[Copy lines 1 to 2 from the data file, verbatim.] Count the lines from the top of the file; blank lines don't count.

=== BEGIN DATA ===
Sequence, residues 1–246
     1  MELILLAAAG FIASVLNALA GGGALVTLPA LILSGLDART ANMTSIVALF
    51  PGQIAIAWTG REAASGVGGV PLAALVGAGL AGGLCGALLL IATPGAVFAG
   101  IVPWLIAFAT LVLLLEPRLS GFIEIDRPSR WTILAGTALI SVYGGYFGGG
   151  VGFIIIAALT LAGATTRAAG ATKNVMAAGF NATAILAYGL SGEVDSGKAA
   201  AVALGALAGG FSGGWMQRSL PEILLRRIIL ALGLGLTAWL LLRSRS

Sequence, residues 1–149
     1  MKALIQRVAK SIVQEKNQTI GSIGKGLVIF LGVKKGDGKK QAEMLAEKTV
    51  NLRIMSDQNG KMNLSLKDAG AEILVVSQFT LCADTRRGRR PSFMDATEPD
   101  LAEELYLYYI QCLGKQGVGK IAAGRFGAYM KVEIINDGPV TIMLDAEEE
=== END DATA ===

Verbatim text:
Sequence, residues 1–246
     1  MELILLAAAG FIASVLNALA GGGALVTLPA LILSGLDART ANMTSIVALF